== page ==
Seniors Housing Business

AUG-SEP 2015

Seniors Housing Business is the magazine that helps you navigate the evolution of the seniors housing industry.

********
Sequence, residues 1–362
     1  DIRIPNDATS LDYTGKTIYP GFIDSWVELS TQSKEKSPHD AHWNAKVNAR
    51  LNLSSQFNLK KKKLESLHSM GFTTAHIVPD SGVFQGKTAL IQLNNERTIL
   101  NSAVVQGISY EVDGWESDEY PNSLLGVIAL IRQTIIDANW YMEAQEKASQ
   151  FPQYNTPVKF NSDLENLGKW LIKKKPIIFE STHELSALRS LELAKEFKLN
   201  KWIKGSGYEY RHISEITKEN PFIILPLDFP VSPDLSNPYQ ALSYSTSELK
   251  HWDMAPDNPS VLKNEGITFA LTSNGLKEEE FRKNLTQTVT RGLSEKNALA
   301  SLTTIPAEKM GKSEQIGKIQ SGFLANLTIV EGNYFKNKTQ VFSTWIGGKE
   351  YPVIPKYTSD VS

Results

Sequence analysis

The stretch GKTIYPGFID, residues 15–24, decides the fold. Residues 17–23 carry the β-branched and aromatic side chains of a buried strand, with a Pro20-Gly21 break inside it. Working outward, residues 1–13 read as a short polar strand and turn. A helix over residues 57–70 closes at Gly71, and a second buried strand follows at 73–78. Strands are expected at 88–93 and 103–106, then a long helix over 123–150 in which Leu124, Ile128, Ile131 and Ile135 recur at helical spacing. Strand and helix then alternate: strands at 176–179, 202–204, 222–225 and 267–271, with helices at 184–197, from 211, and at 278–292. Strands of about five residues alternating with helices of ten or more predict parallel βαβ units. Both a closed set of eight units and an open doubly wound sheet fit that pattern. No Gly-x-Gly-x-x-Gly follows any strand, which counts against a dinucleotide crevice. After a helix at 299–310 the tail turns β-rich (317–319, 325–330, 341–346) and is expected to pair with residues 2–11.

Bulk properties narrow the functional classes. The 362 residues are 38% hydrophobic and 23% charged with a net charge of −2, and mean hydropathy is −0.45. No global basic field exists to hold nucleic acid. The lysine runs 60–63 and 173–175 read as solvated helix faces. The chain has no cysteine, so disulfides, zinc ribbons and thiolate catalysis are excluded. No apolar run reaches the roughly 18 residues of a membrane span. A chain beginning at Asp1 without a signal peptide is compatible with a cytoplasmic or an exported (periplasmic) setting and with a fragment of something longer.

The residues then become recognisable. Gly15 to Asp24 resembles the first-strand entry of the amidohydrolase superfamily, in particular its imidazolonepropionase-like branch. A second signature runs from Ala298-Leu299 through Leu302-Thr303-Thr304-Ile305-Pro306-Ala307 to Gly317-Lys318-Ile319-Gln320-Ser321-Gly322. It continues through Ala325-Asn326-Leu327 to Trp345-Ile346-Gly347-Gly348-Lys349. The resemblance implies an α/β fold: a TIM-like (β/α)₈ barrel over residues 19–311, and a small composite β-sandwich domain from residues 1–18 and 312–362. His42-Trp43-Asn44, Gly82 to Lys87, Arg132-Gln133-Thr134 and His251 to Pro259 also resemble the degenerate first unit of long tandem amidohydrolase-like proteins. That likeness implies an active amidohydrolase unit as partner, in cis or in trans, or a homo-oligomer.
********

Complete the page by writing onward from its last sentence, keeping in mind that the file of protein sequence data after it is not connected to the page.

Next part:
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76 Seniors Housing Business n August-September 2015 advice do you give buyers and sellers in today's frothy market? Allen McMurtry: My approach is to take full advan- tage of this seller's market while it continues. Hav- ing been through a number of real estate cycles, I am a big believer in the inevitability of a market correc- tion. This has been one of the lon- gest seller's markets I have seen, and sellers should be careful trying to time market cycles precisely. Bruce Gibson: Potential sellers must consider how they will redeploy capital gained from the sale of properties. Investors should carefully consider whether it makes the most sense for them to purchase an existing property or develop a new property. Replace- ment cost is well below market value in most instances, but some markets are already saturated and in danger of being overbuilt if some or all of the planned projects come to fruition. It can be much more lucrative to build, but doing so must be done with caution as market and operator selection is the key. Stroiman: Without question, the best piece of advice we offer our clients is to go to market without a listing price. Our marketing approach presents an opportunity for a buyer to come in post-underwriting and make an offer potentially exceeding our client's expectations. How much activity is too much? SHB: How long do you think the market can sustain the feverish activity? Is there any concern that the market is creating a bub- ble that could burst? Swartz: While the long-term threat to the market is overbuild- ing, to date the capital markets have pursued development in a disciplined manner to the extent that most regional markets are not showing signs of overbuild- ing. That said, further loosen- ing of underwriting standards among construction lenders could threaten performance and related values of existing assets given the growing number of new entrants in the development space. Stroiman: We believe that we're currently in the ffth inning of this game. There is plenty more to come in the future. Because of the cap rate spread between seniors housing and multifam- ily, this market is lucrative for a lot of investors. At the end of the day, this is a story of demand, and demand is still at a serious high. Nick Stahler: We believe the market will sus- tain this level of activity as long as all of the current market conditions remain intact. The fundamentals of seniors hous- ing are continually improving. We believe the low interest rate environment and food of equity investing in the sector is what we will have to watch closely. The equity infusion into seniors hous- ing will probably hold strong as long as the interest rates remain low and the returns are higher than those of other real estate asset classes. With that being said, we are absolutely in a pricing bubble that could sustain a pricing cor- rection if the raising of interest rates or other economic issues come into play. Gibson: I really don't think there is much to the idea that there is a bubble as the funda- mentals are quite solid in most markets. However, the most recent studies from NIC MAP suggest that growth in demand will drop slightly over the next few years before the demand starts to surge in approximately seven years." The industry should be on solid footing for the foresee- able future. Mark Myers: Markets always cycle, and this one will do the same. However, if you look at past cycles, you will fnd that the most highly capitalized companies, such as GE, have grown stronger in down cycles, while smaller, weakly capitalized companies tend to struggle most in down cycles. In down times cash is king, and those with the cash can snap up good deals from those who are fnancially drowning. Finding the hot spots SHB: In which segments of seniors housing are you seeing the most transactions — inde- pendent living, assisted living/ memory care, skilled nursing, or C O M M E R C I A L R E A L E S T A T E D E B T , E Q U I T Y & S E R V I C I N G $10,000,000 GARDEN COURT EVERETT, WA | 148 UNITS | LIFE COMPANY $24,990,000 THE ATRIUMS OVERLAND PARK, KS | 203 UNITS | FREDDIE MAC $15,000,000 CARNEGIE VILLAGE BELTON, MO | 204 UNITS | FREDDIE MAC Visit the NEW for transactions, daily rates, expert views and much more! Better Relationships. Better Results. R E C E N T S E N I O R H O U S I N G R E S U L T S W E ' V E D E L I V E R E D F O R C L I E N T S FREDDIE MAC // FANNIE MAE // FHA 20 CMBS LENDERS // HUNDREDS OF BANKS 50+ LIFE INSURANCE COMPANIES

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